Diabetes Research Institute, Department of Medicine, Division of Endocrinology, Diabetes, and Metabolism, Department of Microbiology and Immunology, Miller School of Medicine, University of Miami, Miami, Florida, USA.
Address correspondence to: Alberto Pugliese, Diabetes Research Institute, University of Miami Miller School of Medicine, 1450 NW 10th Avenue, Miami, Florida 33136, USA. Phone: 305.243.5348; Email: firstname.lastname@example.org.
First published August 1, 2017 - More info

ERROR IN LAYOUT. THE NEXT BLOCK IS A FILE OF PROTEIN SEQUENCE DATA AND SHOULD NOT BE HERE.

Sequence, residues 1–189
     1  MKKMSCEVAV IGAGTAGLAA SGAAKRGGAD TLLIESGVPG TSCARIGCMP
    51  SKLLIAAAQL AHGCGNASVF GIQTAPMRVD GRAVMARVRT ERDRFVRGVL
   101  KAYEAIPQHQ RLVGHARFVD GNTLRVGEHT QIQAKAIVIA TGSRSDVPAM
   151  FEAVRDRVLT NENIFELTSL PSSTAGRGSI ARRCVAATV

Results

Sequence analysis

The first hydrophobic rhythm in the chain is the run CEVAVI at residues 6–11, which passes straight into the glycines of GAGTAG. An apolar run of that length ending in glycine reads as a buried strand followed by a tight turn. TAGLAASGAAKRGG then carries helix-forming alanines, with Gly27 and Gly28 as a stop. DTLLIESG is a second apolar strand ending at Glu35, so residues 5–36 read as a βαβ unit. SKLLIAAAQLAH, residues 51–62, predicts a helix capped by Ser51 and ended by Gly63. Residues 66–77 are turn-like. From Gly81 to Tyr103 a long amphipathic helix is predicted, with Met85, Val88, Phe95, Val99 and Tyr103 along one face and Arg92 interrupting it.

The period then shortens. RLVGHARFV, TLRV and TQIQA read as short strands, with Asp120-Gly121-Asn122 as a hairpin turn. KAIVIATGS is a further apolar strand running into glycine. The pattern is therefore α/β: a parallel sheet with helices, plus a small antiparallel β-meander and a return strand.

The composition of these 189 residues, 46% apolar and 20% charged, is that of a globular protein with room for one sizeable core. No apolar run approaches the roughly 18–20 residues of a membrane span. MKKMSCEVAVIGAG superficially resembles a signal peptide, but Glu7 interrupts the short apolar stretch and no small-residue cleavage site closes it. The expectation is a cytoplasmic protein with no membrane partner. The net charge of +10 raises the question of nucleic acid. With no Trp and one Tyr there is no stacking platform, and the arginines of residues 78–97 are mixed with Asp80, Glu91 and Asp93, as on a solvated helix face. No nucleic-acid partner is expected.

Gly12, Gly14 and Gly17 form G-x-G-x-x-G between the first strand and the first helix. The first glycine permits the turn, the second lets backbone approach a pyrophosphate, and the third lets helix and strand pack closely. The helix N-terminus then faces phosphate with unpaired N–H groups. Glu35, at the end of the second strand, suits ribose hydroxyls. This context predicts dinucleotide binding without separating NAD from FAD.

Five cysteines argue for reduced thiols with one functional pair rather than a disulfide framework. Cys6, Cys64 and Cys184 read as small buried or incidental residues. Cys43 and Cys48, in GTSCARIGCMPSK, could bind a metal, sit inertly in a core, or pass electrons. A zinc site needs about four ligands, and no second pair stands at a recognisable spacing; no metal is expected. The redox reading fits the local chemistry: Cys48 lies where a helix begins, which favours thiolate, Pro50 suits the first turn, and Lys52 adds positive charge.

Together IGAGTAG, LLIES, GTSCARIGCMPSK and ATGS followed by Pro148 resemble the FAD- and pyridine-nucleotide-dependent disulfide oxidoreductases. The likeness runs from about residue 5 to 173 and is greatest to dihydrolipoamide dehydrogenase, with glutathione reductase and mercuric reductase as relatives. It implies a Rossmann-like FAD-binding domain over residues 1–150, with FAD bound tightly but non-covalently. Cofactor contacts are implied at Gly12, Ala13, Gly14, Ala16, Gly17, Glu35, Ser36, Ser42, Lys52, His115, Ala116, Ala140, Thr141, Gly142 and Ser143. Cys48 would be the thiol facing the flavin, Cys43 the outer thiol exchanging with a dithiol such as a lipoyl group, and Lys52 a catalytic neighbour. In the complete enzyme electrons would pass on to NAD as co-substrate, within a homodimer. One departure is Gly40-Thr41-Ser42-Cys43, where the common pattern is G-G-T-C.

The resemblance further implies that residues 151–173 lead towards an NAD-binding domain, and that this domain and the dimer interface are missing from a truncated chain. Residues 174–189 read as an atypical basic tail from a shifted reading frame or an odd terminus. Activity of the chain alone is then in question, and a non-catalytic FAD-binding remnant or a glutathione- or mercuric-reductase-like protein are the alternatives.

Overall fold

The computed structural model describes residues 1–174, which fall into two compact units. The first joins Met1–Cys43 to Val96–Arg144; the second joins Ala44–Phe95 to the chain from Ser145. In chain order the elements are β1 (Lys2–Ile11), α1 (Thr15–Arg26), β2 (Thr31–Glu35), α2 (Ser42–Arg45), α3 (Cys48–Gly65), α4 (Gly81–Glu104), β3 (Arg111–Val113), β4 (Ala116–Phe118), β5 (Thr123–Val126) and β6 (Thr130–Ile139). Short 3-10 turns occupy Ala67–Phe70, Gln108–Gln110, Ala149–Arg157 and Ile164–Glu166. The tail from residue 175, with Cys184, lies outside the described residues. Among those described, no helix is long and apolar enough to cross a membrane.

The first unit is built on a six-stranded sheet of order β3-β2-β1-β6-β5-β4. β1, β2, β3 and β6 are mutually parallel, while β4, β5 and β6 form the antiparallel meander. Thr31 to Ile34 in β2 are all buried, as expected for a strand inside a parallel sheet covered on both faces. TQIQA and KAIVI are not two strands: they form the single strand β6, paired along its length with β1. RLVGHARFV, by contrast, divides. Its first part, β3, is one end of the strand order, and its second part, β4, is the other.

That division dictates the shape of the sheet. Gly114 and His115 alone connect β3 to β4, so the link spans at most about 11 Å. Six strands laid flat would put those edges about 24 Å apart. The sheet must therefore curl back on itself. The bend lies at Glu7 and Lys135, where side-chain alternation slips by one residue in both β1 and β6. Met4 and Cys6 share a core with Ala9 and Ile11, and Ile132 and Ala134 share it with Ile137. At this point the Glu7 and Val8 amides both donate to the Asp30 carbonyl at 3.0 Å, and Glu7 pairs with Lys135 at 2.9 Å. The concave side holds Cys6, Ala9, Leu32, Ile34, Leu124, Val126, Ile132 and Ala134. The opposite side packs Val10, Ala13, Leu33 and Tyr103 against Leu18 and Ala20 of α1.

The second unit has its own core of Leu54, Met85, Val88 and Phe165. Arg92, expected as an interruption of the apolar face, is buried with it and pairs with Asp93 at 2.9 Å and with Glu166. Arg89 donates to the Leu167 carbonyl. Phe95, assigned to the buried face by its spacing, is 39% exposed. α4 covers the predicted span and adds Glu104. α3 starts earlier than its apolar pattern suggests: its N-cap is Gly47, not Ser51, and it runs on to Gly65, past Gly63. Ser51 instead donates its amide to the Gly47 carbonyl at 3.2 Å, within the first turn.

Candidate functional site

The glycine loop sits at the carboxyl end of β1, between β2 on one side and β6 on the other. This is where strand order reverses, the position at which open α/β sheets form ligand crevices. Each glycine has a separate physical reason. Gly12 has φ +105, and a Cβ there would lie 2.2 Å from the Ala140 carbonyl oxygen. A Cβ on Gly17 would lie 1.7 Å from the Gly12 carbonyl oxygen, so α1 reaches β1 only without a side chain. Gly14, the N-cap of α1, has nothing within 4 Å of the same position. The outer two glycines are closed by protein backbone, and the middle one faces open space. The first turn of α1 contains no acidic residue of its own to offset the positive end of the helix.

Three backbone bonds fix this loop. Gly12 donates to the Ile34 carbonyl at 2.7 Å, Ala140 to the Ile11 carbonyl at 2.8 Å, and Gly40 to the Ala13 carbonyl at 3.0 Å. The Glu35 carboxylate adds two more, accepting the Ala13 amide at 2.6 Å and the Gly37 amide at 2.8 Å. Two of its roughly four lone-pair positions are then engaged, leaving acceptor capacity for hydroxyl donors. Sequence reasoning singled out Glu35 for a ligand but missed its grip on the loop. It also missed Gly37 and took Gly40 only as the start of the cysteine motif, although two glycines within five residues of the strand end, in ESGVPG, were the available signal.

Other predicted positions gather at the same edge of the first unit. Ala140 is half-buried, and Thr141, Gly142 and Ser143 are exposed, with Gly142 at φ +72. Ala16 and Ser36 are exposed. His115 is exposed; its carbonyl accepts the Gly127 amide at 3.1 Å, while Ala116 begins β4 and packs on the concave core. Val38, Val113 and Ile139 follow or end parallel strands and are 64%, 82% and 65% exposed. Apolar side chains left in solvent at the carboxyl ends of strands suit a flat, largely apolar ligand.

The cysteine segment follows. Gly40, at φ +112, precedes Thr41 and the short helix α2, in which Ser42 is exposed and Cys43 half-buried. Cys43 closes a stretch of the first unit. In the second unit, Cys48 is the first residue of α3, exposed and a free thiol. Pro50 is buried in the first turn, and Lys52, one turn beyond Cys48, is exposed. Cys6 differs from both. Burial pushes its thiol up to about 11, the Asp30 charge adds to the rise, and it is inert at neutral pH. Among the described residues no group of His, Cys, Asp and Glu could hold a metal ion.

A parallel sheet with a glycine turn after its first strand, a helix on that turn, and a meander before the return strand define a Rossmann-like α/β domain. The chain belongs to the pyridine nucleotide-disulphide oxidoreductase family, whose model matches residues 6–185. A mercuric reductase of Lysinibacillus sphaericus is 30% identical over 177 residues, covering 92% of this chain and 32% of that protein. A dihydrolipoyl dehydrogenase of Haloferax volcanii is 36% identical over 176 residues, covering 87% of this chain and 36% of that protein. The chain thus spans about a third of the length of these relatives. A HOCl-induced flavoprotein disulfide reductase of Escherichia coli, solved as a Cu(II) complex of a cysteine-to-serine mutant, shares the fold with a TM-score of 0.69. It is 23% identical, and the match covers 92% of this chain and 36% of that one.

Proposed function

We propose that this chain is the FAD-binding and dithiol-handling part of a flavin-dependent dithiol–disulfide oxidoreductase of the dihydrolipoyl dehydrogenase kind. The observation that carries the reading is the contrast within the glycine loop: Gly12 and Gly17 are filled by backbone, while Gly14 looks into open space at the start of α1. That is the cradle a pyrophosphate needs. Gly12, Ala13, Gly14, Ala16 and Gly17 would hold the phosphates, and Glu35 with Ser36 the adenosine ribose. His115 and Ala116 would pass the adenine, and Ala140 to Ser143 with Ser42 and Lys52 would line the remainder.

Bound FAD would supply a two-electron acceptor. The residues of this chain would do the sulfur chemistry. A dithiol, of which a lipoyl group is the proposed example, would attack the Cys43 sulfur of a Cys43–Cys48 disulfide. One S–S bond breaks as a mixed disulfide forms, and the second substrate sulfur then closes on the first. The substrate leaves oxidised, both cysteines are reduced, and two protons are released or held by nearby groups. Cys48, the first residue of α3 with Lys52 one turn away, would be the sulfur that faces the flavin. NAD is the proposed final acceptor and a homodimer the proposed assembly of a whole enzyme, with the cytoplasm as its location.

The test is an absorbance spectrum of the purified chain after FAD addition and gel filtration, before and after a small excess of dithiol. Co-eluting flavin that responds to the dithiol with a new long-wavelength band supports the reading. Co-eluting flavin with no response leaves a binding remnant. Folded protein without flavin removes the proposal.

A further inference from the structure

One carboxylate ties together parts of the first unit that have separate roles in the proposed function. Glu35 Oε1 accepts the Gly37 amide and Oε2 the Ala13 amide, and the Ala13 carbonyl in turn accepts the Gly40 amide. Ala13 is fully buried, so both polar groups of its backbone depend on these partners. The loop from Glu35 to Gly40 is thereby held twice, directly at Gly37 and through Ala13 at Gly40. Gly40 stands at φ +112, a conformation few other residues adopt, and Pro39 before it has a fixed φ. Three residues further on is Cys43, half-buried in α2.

Type 1 diabetes (T1D) is a chronic autoimmune disease that causes severe loss of pancreatic β cells. Autoreactive T cells are key mediators of β cell destruction. Studies of organ donors with T1D that have examined T cells in pancreas, the diabetogenic insulitis lesion, and lymphoid tissues have revealed a broad repertoire of target antigens and T cell receptor (TCR) usage, with initial evidence of public TCR sequences that are shared by individuals with T1D. Neoepitopes derived from post-translational modifications of native antigens are emerging as novel targets that are more likely to evade self-tolerance. Further studies will determine whether T cell responses to neoepitopes are major disease drivers that could impact prediction, prevention, and therapy. This Review provides an overview of recent progress in our knowledge of autoreactive T cells that has emerged from experimental and clinical research as well as pathology investigations.
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